CDC recommends Zika virus testing for potentially exposed persons with signs or symptoms consistent with Zika virus disease, and recommends that health care providers offer testing to asymptomatic pregnant women within 12 weeks of exposure. During January 3-March 5, 2016, Zika virus testing was performed for 4,534 persons who traveled to or moved from areas with active Zika virus transmission; 3,335 (73.6%) were pregnant women. Among persons who received testing, 1,541 (34.0%) reported at least one Zika virus-associated sign or symptom (e.g., fever, rash, arthralgia, or conjunctivitis), 436 (9.6%) reported at least one other clinical sign or symptom only, and 2,557 (56.4%) reported no signs or symptoms. Among 1,541 persons with one or more Zika virus-associated symptoms who received testing, 182 (11.8%) had confirmed Zika virus infection. Among the 2,557 asymptomatic persons who received testing, 2,425 (94.8%) were pregnant women, seven (0.3%) of whom had confirmed Zika virus infection. Although risk for Zika virus infection might vary based on exposure-related factors (e.g., location and duration of travel), in the current setting in U.S. states, where there is no local transmission, most asymptomatic pregnant women who receive testing do not have Zika virus infection.

Travel-Associated Zika Virus Disease Cases Among U.S. Residents--United States, January 2015-February 2016.

Zika virus is an emerging mosquito-borne flavivirus. Recent outbreaks of Zika virus disease in the Pacific Islands and the Region of the Americas have identified new modes of transmission and clinical manifestations, including adverse pregnancy outcomes. However, data on the epidemiology and clinical findings of laboratory-confirmed Zika virus disease remain limited. During January 1, 2015-February 26, 2016, a total of 116 residents of 33 U.S. states and the District of Columbia had laboratory evidence of recent Zika virus infection based on testing performed at CDC. Cases include one congenital infection and 115 persons who reported recent travel to areas with active Zika virus transmission (n = 110) or sexual contact with such a traveler (n = 5). All 115 patients had clinical illness, with the most common signs and symptoms being rash (98%; n = 113), fever (82%; 94), and arthralgia (66%; 76). Health care providers should educate patients, particularly pregnant women, about the risks for, and measures to prevent, infection with Zika virus and other mosquito-borne viruses. Zika virus disease should be considered in patients with acute onset of fever, rash, arthralgia, or conjunctivitis, who traveled to areas with ongoing Zika virus transmission (http://www.cdc.gov/zika/geo/index.html) or who had unprotected sex with a person who traveled to one of those areas and developed compatible symptoms within 2 weeks of returning.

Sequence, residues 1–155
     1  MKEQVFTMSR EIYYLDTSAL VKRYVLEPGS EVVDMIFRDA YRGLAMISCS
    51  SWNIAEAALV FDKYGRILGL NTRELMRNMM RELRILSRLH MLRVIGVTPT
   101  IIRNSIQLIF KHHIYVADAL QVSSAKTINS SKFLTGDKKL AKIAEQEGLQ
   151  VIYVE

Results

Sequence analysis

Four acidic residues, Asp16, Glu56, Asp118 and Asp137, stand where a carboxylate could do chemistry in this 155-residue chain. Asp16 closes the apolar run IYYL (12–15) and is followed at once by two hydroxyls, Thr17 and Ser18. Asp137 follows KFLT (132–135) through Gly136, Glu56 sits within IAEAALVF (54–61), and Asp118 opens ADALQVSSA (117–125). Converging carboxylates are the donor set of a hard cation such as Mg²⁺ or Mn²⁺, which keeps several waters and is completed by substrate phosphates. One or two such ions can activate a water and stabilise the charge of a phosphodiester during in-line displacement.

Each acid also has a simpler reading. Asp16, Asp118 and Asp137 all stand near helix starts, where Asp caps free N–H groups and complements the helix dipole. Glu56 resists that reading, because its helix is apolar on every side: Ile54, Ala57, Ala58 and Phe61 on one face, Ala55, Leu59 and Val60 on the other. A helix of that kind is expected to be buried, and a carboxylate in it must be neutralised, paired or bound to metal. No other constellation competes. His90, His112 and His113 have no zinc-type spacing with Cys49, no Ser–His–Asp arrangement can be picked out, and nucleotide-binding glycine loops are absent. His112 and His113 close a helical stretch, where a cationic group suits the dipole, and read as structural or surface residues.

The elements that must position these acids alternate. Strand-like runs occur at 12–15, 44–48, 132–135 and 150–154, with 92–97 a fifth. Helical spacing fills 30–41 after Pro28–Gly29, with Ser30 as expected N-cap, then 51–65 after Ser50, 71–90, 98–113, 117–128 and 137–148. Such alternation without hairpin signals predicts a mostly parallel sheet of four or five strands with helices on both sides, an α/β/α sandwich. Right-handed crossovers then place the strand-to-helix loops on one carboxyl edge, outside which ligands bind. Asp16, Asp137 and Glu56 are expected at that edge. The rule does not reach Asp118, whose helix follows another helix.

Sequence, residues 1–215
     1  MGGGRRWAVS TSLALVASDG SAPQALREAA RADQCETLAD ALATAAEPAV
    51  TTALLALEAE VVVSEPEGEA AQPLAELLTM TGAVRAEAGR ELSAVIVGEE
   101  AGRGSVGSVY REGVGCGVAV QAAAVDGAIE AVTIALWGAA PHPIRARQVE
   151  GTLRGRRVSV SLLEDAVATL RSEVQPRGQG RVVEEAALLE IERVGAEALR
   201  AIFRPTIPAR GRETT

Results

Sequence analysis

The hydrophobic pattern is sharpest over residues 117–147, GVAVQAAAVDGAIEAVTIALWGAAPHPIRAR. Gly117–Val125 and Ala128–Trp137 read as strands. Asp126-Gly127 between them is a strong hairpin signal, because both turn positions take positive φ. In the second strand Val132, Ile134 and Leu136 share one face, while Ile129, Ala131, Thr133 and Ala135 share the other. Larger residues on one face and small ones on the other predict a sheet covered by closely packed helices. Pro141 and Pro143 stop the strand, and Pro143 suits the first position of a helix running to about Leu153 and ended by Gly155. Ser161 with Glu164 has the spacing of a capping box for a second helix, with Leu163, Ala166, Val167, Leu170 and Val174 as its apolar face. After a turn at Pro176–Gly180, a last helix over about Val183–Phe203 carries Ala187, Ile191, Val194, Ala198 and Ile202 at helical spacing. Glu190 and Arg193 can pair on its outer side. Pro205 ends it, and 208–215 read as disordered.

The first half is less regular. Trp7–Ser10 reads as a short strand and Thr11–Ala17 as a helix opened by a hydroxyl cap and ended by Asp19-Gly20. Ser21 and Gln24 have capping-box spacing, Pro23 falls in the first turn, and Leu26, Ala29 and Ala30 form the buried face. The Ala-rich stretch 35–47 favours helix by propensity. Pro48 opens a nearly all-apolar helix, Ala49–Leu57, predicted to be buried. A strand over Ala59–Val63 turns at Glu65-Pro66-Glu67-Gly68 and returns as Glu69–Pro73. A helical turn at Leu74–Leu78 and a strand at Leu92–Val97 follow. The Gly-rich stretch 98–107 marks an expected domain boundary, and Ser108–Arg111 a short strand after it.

Catheter-Related Complications in Children With Cancer Receiving Parenteral Nutrition: Change in Risk Is Moderated by Catheter Type.

Although central venous catheters (CVCs) are essential to pediatric cancer care, complications are common (eg, occlusion, central line-associated bloodstream infection [CLABSI]). Parenteral nutrition (PN) and external CVCs are associated with an increased complication risk, but their interaction is unknown.

Developing a statewide electronic public health care coordination tracking system.

Country, sex, EDSS change and therapy choice independently predict treatment discontinuation in multiple sclerosis and clinically isolated syndrome.

We conducted a prospective study, MSBASIS, to assess factors leading to first treatment discontinuation in patients with a clinically isolated syndrome (CIS) and early relapsing-remitting multiple sclerosis (RRMS).

Perceived barriers to nurse practitioner practice in rural settings.

Rural residents experience the same incidence of acute illness as urban populations and have higher levels of chronic illness. Overall, access to adequate rural health care is limited. Nurse practitioners (NPs) have been identified as safe, cost-effective providers in meeting these challenges in rural settings.